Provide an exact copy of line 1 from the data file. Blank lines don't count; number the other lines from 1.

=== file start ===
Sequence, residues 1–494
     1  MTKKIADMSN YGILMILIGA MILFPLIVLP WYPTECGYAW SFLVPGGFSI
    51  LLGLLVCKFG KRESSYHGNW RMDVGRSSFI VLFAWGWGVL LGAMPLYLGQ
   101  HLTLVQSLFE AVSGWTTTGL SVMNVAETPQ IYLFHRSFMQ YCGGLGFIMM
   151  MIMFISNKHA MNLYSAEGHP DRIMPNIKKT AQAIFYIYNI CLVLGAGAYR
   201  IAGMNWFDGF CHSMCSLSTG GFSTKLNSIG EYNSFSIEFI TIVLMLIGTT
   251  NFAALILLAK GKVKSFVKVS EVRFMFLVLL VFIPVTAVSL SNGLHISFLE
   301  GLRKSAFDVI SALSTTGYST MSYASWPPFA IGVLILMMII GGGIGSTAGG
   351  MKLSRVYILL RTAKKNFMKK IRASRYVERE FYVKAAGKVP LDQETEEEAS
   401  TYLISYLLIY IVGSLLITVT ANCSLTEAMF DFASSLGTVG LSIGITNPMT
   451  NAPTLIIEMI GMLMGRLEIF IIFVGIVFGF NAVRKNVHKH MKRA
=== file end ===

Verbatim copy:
Sequence, residues 1–494